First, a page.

When a child is satiated, they are less likely to fill any holes with junk food, bad relationships, false senses of self-esteem (attempts to gain outside approval), make-up and addictions (children can develop addictions, especially to electronics and food). Children will also want the love of their peers and other family members – if they feel supported and they have the time and space to feel that love, they will have a much better time of dealing with whatever they face in the world. As parents we do our best every day, but there are some things we need to remind ourselves of when we get busy and our attention is scattered (or when we get grumpy or frustrated). Like us, children might appreciate a reminder every now and then too.
3. Try a media/technology diet
Consider creating healthy boundaries around the technology we use and or participate in a ‘media diet’. Ask yourself how many hours you need to spend in a virtual world?
We are living in a time and space where working on the computer or connecting by cell phone is inevitable. This is all the more reason to consciously reduce the amount of time children can spend on their devices and phones. Avoid sitting at the table as a family texting each other or friends or colleagues at work, or allowing your child to play computer games inside for hours at a time on a glorious summer day. Children will be much more likely to move their bodies, gather with friends doing activities, living and experiencing their lives, if they are not constantly distracted by those blinking lights or beeping texts or filling up their emotional holes with those distractions. Depression, anxiety and apathy go hand in hand with weight problems because either the weight causes emotional, hormonal, and chemical disruption or this emotional, hormonal, and chemical disruption causes the weight problems. Whether it is the chicken or the egg, technology plays a BIG part in the health (or ill health) of your children.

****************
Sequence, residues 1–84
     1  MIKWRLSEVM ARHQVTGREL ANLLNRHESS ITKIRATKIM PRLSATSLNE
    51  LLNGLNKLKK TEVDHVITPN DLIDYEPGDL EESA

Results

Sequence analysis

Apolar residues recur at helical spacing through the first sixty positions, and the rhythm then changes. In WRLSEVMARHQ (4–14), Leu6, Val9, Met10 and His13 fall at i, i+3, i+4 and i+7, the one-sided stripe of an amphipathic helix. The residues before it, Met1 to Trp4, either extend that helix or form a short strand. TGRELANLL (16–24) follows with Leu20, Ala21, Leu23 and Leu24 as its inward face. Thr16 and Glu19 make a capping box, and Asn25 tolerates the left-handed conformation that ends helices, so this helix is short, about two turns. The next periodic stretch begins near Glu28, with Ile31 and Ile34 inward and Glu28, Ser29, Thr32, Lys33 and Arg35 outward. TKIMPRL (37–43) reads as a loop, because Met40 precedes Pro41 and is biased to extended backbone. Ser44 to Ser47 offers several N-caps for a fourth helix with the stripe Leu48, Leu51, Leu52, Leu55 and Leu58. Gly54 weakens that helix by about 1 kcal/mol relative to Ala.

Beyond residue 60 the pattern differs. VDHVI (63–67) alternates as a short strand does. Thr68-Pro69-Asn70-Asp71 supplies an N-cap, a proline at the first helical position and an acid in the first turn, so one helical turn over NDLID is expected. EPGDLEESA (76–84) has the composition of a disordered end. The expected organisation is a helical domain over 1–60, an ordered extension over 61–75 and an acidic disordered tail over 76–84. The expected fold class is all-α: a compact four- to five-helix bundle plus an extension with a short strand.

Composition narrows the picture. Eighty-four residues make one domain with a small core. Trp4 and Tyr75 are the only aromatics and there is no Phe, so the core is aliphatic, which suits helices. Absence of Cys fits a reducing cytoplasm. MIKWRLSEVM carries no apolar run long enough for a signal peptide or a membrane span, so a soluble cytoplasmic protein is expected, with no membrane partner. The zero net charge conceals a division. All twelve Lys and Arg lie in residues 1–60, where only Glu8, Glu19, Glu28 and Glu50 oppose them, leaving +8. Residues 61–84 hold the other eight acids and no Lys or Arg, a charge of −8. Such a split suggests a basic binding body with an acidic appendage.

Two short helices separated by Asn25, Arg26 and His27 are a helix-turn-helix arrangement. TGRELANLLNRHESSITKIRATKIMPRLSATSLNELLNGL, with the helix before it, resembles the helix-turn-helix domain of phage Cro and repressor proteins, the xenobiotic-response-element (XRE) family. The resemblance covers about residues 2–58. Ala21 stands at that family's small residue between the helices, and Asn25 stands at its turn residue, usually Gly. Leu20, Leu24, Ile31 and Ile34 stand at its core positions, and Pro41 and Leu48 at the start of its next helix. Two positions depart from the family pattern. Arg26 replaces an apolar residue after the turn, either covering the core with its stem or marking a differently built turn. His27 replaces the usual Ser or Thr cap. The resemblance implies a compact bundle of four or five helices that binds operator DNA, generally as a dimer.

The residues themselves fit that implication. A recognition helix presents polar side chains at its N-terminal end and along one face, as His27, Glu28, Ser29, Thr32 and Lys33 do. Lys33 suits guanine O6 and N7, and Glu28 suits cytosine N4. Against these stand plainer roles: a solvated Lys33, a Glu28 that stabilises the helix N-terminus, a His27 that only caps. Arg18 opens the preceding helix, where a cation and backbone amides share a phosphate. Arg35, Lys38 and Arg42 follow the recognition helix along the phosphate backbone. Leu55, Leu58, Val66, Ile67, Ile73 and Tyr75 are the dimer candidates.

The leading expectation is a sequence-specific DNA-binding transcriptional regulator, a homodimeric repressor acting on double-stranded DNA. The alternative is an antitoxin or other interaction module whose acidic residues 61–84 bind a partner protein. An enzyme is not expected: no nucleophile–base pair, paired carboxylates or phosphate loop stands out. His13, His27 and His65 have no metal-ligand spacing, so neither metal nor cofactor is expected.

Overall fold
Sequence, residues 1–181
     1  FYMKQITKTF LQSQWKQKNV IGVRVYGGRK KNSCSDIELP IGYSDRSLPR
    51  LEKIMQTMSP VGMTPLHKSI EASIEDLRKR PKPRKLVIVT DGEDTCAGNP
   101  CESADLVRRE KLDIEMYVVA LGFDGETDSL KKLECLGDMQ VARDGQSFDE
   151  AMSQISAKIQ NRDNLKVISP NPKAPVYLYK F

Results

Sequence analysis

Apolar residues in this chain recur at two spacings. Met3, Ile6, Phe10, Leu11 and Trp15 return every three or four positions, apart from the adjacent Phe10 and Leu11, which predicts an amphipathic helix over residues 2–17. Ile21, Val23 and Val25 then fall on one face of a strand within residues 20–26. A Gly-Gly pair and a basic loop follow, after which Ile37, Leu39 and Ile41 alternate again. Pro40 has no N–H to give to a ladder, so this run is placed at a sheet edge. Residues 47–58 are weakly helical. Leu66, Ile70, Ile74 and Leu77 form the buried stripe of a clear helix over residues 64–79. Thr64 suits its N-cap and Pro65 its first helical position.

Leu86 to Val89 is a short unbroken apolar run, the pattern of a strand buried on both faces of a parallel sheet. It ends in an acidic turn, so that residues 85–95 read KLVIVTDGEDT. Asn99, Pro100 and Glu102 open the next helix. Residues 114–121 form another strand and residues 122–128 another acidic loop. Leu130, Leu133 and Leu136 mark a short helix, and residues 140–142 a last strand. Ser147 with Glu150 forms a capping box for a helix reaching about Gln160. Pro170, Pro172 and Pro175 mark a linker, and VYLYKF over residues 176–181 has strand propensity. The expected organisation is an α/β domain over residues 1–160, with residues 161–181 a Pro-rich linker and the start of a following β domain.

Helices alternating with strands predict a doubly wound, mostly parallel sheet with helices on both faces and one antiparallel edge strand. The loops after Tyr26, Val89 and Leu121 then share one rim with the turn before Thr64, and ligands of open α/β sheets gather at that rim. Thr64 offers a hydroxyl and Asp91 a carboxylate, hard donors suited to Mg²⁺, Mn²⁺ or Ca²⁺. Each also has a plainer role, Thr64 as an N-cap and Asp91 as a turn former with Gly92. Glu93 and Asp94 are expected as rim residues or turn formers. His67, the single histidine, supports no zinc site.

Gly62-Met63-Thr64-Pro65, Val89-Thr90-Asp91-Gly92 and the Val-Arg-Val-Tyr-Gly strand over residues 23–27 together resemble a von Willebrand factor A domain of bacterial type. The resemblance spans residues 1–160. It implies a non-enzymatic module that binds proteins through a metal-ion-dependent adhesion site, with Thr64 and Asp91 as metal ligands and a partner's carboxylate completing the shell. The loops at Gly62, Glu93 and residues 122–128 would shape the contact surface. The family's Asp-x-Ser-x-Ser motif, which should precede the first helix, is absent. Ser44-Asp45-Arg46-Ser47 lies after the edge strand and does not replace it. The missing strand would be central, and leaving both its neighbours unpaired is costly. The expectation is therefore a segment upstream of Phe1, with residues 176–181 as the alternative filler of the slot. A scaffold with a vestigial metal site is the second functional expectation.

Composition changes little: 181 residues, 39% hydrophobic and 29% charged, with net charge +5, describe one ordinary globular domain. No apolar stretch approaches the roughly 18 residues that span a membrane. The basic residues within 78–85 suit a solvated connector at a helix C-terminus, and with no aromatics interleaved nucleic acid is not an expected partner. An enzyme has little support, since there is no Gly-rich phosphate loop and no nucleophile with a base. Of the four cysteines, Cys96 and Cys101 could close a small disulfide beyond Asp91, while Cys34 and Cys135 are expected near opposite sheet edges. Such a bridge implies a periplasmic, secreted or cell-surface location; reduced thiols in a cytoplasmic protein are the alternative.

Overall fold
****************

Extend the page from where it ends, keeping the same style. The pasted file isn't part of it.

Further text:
For more about how long children should be allowed to watch TV or use electronic devices for each day read this post. Find out how much exercise children should get each day here.
4. Slow down
Stress is associated with illnesses. The need to slow down and carve out the time needed to think, connect and communicate is paramount and essential, not only for healing but for prevention and maintaining good health. Children who are always in ‘fight or flight’ mode are never able to properly digest food, rest and recover with a good night’s sleep, or give their brains and minds a reprieve from the swiftly moving world around them.
To find out how much sleep children should be getting each night read this post.
5. Lead by example
This is always the ultimate advice given to parents about how to support their families in developing healthy habits and becoming strong, happy, capable people. None of my recommendations or any of the teachings of health experts, spiritual gurus, teachers, researchers, doctors, practitioners, psychologists and parenting experts will make any impact on your children if you are not following them yourself.
Studies have shown that children struggling with weight issues were predisposed to being overweight. The recent explosion of the study of epigenetics combined with a growing understanding of bio-individuality and functional health reveals that this does not have to be the case. It is important to embrace and celebrate each child for who they are. It is as important to love them, teach them, spend time with them, and give them the tools to be as healthy, happy, and vital as they can be!
For more about preventing childhood obesity read this post.
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For more about nutrition, tips to improve overall health and wellbeing, recipes and meal plans, visit Integrative Health.